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July 23, 2014 4:17 pm
Burning wood to generate electricity can produce as many of the carbon dioxide emissions responsible for climate change as a coal-fired power station, an energy department study seen by the Financial Times has found.
But the report also shows that under certain conditions it is possible to burn some types of wood waste in a way that produces fewer emissions than either a coal or gas power plant.
The report, co-authored by Professor David MacKay, the department’s chief scientific adviser, will add to the debate over the subsidies paid to power stations such as Yorkshire’s Drax, which is converting some of its boilers to burn wood pellets imported from the US instead of coal.
The subsidies are aimed at helping the UK meet EU targets requiring the bloc to obtain 20 per cent of its energy by 2020 from renewable sources, such as wind, solar or biomass, which includes wood and other plant materials.
Power companies receiving the subsidies are supposed to make sure they use biomass in a way that produces fewer carbon emissions than a gas or coal plant.
But environmental groups and some academics say the current system for measuring the impact of burning biomass is flawed because it does not fully account for how a forest’s ability to act as a natural store for carbon is reduced when, for example, trees are harvested faster to meet extra demand for wood pellets.
A number of distinguished US scientists wrote to Ed Davey, the energy secretary, earlier this year urging him to abandon the “misguided” subsidies, which they said would not reduce carbon emissions and were threatening important native forests.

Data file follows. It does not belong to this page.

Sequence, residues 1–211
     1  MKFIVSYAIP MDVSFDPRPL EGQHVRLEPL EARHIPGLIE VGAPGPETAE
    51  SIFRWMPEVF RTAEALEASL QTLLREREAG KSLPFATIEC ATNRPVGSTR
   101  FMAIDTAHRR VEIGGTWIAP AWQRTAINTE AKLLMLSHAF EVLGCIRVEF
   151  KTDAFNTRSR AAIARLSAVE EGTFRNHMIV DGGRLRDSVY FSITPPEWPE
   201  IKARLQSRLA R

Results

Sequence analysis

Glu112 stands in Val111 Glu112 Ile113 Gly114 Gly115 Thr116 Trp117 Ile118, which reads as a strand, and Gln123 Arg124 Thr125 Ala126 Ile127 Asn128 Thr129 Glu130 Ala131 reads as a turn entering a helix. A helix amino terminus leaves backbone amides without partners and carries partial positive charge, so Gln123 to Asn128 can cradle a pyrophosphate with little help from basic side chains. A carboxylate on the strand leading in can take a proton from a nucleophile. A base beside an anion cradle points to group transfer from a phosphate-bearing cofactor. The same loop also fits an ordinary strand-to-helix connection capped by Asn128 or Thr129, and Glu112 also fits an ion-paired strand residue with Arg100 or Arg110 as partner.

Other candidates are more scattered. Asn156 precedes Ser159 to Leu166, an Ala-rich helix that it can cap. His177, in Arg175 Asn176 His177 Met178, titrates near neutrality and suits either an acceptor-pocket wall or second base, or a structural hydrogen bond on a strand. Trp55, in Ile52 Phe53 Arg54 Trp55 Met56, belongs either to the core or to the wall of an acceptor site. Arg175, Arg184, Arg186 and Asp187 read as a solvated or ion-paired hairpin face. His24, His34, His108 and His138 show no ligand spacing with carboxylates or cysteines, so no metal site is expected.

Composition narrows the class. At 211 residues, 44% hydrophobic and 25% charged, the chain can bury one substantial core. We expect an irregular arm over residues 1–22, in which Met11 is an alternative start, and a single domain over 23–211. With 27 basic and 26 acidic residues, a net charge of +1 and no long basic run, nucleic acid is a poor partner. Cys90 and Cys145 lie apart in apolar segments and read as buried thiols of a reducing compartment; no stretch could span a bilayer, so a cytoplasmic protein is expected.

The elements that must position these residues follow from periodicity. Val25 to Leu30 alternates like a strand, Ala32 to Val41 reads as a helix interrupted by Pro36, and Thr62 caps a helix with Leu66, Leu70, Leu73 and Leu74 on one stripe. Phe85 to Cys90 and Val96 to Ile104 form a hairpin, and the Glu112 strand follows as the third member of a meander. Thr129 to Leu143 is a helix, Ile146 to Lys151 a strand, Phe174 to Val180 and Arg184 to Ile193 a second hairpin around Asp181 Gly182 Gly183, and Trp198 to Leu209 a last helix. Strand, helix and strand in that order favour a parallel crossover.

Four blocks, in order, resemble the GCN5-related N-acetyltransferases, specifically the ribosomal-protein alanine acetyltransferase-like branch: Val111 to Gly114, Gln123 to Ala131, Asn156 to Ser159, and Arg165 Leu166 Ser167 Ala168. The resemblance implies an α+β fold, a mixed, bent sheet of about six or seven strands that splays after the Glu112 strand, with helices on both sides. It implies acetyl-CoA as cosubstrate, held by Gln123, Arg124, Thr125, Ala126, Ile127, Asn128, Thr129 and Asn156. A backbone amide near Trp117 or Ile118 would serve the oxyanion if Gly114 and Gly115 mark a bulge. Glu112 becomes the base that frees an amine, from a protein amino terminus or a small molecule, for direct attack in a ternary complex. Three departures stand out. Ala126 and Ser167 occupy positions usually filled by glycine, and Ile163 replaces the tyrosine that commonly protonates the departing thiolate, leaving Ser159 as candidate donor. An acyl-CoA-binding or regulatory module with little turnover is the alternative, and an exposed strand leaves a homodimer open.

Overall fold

The energy department study by Prof MacKay, which has taken more than two years to complete and was due to be released today, is designed to give a better picture of how overall emissions are affected by burning biomass.
The report shows there is a huge difference in emissions produced depending on the type of wood used and its source.
For example, using wood residues from a plantation that would otherwise be burned on the roadside is much better than using larger bits of wood waste that would otherwise be left to rot on a forest floor, which can produce as many emissions as a gas-fired power station.
Burning wood from a naturally regenerated forest that would otherwise be left to grow and store carbon for 40 years can produce as many emissions as a coal-fired power station, it says.
UK power companies using biomass will need between 9m and 16m tonnes of wood fuel a year by 2020, the report says, but the UK only harvested 5.3m tonnes of wood in 2012.
That means Drax, a leading wood pellet importer, will probably have to keep obtaining fuel from big markets such as North America, where 210m tonnes were harvested in 2012.
Prof MacKay said the “most promising” form of biomass was forest residues currently being burned as waste at the roadside and it appeared that North America had plenty of this type of fuel to supply the UK.
While some of the 29 scenarios assessed in the report showed some types of biomass burning could produce more emissions than a coal plant, he said, it was not possible to say if this would actually occur.
“This work is not a detailed assessment of which scenarios will come to pass, it’s not predicting the likelihood of the alternative scenarios,” he said.
“The industry itself has expressed a commitment to sourcing sustainable biomass and we view this as a tool to help them do that.”
Dorothy Thompson, Drax chief executive, said she welcomed the report because it made a good contribution to the general public’s understanding about the use of biomass.
Asked how much of Drax’s wood pellets came from roadside waste the report identifies as being most sustainable, she said: “Definitely some of our supply chain includes waste residues that would have been burned on the roadside.”
Kenneth Richter, Friends of the Earth bioenergy campaigner, said the report showed how important it was for the government to now introduce full carbon accounting for biomass in the UK.
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